Thursday, November 26, 2015

blah blah House blah blah Japan

We had our house exterior washed yesterday; it's a once-in-several-years treat, but wonderful when we have it done. Our guy is skilled and knowledgeable, but he's going to retire from this business at the end of the year as he's weary of going up folks' roofs. Fair enough; he'll be missed.

Well, not just yet, because this year we're getting his mate to touch up the exterior paintwork. (Do please ring me back today!) We needed it in 2004 after we got double-glazed windows and receive quite a bit of damage. (But we were lucky; window guys defrauded so many in Nelson; we had a payment plan so the finance company had to get us windows. I didn't have head space for damaged exterior then, and we didn't have any money leftover.) Mr House Wash is coming back to do the windows after the paint dries.

After Ben went to Japan once and I twice in 2013, and I to Oz in 2014, we haven't traveled, which is why we can afford "routine" maintenance this year; so far we had tree cutters, two loads of skip, (3rd to come later I hope,) a new vacuum cleaner, and house wash and paint.

I love that my house is ever-so-slowly getting tidier. Of course I'd love it more if one day I woke up to a tidied/washed/polished/repaired house. Still, the eight years I had mild-to-moderate depression, I had stuff "temporarily stored" everywhere in plain sight because I just couldn't think of what to do with them. Since late 2011-ish, (it wasn't like a cold so I only knew months/years later I'd been over MTMD a while,) I've been overwhelmed by what's needed for the house to recover as well. Only these last few weeks/months, from a distance, I see that though there's still a very long way ahead, effort has been put in the right areas.

I never imagined the top-loader-vs-front-loader issue to be such an ethical conundrum. I know I'm a top-loader user; I stop and go all the time, and use the spin cycle on its own often. But 1) the one I have still works and I hate throwing out things when they work, (but we need a new one before, say, Feb; see below;) 2) I feel so guilty about throwing things out in general; I can't help "seeing" mountains of First World rubbish in Asia, although my washing machine will probably go into landfill in Nelson; and 3) this is the big one; I know a front-loader uses a fraction of the water of a top-loader. Guilt, guilt, guilt.

Besides, I may already have used up mula for routines/extras this year. (And our total asset is, I heard on the radio last week, something like 1/10 or 1/20 of what folks our age should have to live comfortably in our retirement.) But we need the new washing machine by around Feb because I'm likely to go home then, and I'd hate for Ben to be stuck with a broken one while I'm away.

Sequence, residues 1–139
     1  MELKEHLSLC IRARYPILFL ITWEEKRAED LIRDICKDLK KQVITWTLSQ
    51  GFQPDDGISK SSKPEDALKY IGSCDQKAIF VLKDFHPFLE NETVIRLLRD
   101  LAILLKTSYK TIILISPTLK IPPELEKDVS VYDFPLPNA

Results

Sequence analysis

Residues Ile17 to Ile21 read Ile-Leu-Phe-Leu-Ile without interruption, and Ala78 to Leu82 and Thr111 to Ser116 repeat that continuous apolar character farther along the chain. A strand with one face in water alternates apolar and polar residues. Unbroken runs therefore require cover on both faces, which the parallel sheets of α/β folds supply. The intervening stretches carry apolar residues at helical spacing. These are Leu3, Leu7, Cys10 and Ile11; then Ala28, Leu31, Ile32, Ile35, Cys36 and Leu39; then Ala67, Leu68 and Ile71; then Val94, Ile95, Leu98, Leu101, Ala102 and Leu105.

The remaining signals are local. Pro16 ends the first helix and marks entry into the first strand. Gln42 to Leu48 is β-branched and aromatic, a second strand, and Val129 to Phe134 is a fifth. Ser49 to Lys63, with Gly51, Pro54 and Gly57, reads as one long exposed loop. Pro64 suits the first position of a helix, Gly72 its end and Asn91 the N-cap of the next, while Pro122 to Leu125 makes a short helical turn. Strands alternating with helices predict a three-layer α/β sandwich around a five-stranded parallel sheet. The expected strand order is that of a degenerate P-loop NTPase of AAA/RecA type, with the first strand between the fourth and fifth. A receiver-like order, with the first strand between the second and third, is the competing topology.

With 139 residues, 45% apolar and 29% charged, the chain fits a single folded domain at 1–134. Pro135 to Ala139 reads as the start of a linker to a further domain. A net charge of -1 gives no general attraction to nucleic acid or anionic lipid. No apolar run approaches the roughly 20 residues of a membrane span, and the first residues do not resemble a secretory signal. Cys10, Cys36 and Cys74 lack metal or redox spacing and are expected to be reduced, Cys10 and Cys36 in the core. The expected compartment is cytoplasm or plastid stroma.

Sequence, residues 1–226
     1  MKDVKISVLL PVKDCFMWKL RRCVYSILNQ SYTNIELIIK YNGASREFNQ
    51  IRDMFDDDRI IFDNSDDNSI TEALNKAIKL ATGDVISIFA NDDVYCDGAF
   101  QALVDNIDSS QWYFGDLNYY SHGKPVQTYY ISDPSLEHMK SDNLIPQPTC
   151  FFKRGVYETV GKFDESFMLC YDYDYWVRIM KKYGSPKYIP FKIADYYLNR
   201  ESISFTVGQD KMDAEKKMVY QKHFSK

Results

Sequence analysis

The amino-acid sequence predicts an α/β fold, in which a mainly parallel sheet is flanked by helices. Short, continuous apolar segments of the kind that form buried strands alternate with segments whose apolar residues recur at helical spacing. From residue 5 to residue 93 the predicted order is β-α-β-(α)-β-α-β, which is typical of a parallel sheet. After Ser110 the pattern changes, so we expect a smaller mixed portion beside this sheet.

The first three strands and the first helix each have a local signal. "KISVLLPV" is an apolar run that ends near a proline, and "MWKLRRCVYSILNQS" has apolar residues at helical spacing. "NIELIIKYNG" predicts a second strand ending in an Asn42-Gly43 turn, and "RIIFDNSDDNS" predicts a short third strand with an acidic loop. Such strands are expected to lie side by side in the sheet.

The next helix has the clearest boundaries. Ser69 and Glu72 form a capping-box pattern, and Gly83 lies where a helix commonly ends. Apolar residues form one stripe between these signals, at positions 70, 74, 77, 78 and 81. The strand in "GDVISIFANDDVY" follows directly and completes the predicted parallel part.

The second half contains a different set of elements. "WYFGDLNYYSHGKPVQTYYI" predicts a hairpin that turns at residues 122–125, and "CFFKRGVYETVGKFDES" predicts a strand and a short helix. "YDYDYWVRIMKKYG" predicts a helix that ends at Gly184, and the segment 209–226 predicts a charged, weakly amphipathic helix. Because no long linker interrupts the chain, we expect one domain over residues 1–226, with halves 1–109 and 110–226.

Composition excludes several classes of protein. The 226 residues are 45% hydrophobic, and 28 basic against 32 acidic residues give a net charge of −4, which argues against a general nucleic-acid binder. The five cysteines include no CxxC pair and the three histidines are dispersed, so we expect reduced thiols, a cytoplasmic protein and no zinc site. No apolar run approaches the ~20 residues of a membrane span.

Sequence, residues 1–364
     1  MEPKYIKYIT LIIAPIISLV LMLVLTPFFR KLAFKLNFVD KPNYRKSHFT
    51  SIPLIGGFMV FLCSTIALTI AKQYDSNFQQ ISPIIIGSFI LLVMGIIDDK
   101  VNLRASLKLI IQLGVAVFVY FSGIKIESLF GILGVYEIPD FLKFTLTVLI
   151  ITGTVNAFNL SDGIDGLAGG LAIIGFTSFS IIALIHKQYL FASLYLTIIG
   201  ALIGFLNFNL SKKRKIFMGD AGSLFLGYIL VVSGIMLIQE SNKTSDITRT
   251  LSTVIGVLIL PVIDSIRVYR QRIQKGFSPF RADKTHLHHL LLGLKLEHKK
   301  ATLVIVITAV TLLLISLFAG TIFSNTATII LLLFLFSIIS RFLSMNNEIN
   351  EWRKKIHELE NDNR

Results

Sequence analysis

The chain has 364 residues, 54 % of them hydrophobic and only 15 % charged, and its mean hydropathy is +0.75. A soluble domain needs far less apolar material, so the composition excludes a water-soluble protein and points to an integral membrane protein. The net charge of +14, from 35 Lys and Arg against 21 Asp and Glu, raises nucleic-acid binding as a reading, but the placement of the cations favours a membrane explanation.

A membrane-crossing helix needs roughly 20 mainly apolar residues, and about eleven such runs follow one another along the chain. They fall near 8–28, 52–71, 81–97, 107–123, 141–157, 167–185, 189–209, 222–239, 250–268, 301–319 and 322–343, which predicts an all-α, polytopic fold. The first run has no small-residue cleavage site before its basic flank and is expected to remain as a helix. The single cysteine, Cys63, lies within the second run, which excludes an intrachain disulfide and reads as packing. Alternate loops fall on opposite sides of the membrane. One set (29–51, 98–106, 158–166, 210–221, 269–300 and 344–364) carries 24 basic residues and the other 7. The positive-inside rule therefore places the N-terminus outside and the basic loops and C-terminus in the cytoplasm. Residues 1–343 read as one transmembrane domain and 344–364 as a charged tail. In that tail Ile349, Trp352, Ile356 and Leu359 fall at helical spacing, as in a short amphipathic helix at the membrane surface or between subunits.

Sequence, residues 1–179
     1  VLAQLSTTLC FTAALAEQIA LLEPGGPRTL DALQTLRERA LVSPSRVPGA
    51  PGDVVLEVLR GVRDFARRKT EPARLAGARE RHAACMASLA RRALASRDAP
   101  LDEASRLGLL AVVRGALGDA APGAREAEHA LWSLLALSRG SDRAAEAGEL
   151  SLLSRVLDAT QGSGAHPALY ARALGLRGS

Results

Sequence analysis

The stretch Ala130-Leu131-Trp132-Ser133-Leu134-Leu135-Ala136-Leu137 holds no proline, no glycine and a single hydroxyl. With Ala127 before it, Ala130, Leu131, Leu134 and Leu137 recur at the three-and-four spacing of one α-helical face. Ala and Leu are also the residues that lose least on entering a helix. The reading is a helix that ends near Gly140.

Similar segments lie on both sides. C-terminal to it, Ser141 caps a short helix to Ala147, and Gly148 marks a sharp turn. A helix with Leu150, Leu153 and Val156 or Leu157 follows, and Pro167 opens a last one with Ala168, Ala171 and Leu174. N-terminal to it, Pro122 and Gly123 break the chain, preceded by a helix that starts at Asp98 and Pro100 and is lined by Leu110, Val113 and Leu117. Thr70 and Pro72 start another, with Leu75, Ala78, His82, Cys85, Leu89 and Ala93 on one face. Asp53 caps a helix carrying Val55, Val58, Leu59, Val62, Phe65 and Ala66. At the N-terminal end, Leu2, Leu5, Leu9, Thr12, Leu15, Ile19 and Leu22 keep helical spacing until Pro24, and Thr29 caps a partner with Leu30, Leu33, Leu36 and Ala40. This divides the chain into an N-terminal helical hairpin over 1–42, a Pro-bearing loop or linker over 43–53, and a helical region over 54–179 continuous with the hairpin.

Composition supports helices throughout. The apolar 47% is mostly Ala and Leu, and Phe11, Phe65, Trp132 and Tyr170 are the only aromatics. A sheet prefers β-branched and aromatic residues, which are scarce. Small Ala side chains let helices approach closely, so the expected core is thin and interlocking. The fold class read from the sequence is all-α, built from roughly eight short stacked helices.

I love February in Yokohama because it's so cold, but not crazy like Minnesota. By then I'll have been away from Japan for two and a half years. But wait, there's more. The main reason is Mom decided she and her two students are going to have a wee exhibition around then. It's her first not as a member of a large class buy as the main weaver, and a first for her students. I'd like to help with making a story/structure from a disparate collection of work, samples, and whatever else they have; make up presentable blurbs, small posters/invites, and suggest how to hang their work. I understand it's going to be a tiny exhibition in a tiny space, but still, a big step forward. And good on Mom at the ripe young age of 85.

But no congrats just yet. Look, every time we Skype, she cackles about "my" stash. I keep telling her I can handle most yarns I bought, because they are large amount of the same, mostly-skinny, yarns in different colors, and colors often go with other groups of my yarns. I know how to use them. Mom's, however, are all over, in different amounts/fibers/colors/sizes/shapes; so many greens and browns which even she doesn't use, and, oh, so much bouclé. You'd think she'd be appreciative I've lightened her load!

OK, now you can congratulate her, please. She'd love it, although she can't reply.
I made a pistachio/ginger/cranberry loaf. With about twice as much nuts/fruits and sugar, it's a biscotti recipe, to be sliced and baked a second time. But we like the between-cake-and-cookie texture after the first bake, so I use the skinnier bread pan, fewer nuts/fruits and less than half the sugar. (Yesterday I mixed vanilla sugar with maple syrup.) I've been making a variations about every ten days. Ben likes raw pistachio, I like almond or golden raisins, but always with quite a lot of grated ginger. Healthier and more flavorful than store-bought bickies and we eat less of it. (I took the pic in a hurry when I sliced a piece for Ben's lunch. You get the picture. :-P)

Ben finishes the work year in 22 days, then has 24 days of break. His work is making staff take more of the annual leave at Christmas/New Year time, which works for us and Ben's taken extra. Anyway, to saturate ourselves in the summer holiday mode, I'm hoping to get tax return out of the way. I got started while the house was being washed. But for now, outside duty beckons.

3 comments:

  1. We need some serious repairs done to our house. Unfortunately the job is too 'big' for a small contractor, and too small for a 'large' contractor. So it sits, getting worse with both of us getting frustrated with it all. :(

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  2. Oh, no! Could a small contractor get a mate to help to make up for it?? I hope nothing happens this Canadian winter, Laura.

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  3. Mmmm! That loaf looks yummy!

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